//Create arrays for mass,xCoor, and yCoor values; var mass = new Array(5,5,10);var xCoor = new Array(1,3,2); var yCoor = new Array(1,1,3);

The output is shown in Figure 5 .

Figure 5 . Center of mass for three objects.
Start Script massTotal = 20 kgcmX = 2 meters cmY = 2 metersEnd Script

Do the calculations

I encourage you to repeat the calculations that I have presented in this lesson to confirm that you get the same results. Experiment with the scenarios, making changes, and observing the results of your changes. Make certain that you can explain why your changes behave as they do.

Resources

I will publish a module containing consolidated links to resources on my Connexions web page and will update and add to the list as additional modulesin this collection are published.

Miscellaneous

This section contains a variety of miscellaneous information.

Housekeeping material
  • Module name: Force and Motion -- Momentum, Impulse, and Conservation of Momentum for Blind Students
  • File: Phy1160.htm
  • Revised: 10/02/15
  • Keywords:
    • physics
    • accessible
    • accessibility
    • blind
    • graph board
    • protractor
    • screen reader
    • refreshable Braille display
    • JavaScript
    • trigonometry
    • conservation of momentum
    • momentum
    • Newton's cradle
    • impulse
    • action and reaction
Disclaimers:

Financial : Although the openstax CNX site makes it possible for you to download a PDF file for the collection that contains thismodule at no charge, and also makes it possible for you to purchase a pre-printed version of the PDF file, you should beaware that some of the HTML elements in this module may not translate well into PDF.

You also need to know that Prof. Baldwin receives no financial compensation from openstax CNX even if you purchase the PDF version of the collection.

In the past, unknown individuals have copied Prof. Baldwin's modules from cnx.org, converted them to Kindle books, and placed them for sale on Amazon.com showing Prof. Baldwin as the author.Prof. Baldwin neither receives compensation for those sales nor does he know who doesreceive compensation. If you purchase such a book, please be aware that it is a copy of a collection that is freelyavailable on openstax CNX and that it was made and published without the prior knowledge of Prof. Baldwin.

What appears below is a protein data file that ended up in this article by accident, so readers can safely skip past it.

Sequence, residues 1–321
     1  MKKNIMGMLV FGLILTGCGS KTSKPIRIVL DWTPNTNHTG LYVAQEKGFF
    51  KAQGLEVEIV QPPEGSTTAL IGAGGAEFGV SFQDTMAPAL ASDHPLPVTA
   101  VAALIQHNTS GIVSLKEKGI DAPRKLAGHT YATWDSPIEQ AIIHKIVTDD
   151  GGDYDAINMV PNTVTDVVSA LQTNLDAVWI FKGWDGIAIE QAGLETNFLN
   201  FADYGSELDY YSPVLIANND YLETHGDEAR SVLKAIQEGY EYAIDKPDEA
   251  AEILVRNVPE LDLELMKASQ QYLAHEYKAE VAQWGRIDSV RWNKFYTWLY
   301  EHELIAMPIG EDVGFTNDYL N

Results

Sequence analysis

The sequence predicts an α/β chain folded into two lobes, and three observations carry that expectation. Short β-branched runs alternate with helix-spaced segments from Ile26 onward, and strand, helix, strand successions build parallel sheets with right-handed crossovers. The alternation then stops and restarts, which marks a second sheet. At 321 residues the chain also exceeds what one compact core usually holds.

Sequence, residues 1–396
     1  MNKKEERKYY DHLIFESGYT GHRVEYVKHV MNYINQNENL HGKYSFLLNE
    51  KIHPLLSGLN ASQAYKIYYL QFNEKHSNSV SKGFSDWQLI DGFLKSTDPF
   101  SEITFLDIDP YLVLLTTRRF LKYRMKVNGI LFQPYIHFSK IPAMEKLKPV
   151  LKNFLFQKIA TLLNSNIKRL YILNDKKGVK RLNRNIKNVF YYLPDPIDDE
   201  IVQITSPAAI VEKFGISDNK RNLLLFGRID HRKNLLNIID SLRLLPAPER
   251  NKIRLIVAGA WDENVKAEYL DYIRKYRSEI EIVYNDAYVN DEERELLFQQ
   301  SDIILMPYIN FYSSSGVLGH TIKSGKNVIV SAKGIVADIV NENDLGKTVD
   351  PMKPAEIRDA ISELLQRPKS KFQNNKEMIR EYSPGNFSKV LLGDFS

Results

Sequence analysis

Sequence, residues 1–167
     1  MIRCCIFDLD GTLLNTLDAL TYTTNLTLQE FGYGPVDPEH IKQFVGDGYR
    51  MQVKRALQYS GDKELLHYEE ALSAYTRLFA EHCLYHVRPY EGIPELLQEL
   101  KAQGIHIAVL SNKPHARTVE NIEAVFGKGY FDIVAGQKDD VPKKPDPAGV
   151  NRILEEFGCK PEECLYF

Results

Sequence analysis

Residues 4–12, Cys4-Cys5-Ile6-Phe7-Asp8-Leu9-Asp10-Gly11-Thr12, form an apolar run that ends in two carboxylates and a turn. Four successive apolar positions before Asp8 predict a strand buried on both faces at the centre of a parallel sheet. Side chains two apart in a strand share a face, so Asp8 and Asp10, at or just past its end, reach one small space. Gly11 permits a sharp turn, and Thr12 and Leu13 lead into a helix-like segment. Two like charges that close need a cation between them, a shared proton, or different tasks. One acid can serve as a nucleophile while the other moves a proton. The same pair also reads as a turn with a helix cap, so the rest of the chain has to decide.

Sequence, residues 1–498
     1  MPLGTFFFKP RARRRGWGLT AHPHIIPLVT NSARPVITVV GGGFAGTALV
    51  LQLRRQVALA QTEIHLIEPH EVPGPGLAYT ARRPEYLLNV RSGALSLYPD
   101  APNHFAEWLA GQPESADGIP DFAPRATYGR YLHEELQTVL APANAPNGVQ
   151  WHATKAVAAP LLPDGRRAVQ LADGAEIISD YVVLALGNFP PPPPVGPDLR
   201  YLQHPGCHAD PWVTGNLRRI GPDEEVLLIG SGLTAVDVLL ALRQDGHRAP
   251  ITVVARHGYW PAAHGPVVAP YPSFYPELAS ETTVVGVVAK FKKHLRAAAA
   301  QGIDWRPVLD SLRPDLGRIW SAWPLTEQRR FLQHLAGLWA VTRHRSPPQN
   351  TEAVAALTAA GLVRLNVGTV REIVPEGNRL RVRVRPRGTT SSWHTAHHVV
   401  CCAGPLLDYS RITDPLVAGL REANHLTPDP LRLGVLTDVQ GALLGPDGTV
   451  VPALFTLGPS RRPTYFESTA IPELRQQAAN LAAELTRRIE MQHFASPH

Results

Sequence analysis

Affiliation : Prof. Baldwin is a professor of Computer Information Technology at Austin Community College in Austin, TX.

-end-

Questions & Answers

find the 15th term of the geometric sequince whose first is 18 and last term of 387
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20/(×-6^2)
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Commplementary angles
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The answer is neither. The function, 2 = 0 cannot exist. Hence, the function is undefined.
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Differences Between Laspeyres and Paasche Indices
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At high concentrations (>0.01 M), the relation between absorptivity coefficient and absorbance is no longer linear. This is due to the electrostatic interactions between the quantum dots in close proximity. If the concentration of the solution is high, another effect that is seen is the scattering of light from the large number of quantum dots. This assumption only works at low concentrations of the analyte. Presence of stray light.
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the Beer law works very well for dilute solutions but fails for very high concentrations. why?
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Source:  OpenStax, Accessible physics concepts for blind students. OpenStax CNX. Oct 02, 2015 Download for free at https://legacy.cnx.org/content/col11294/1.36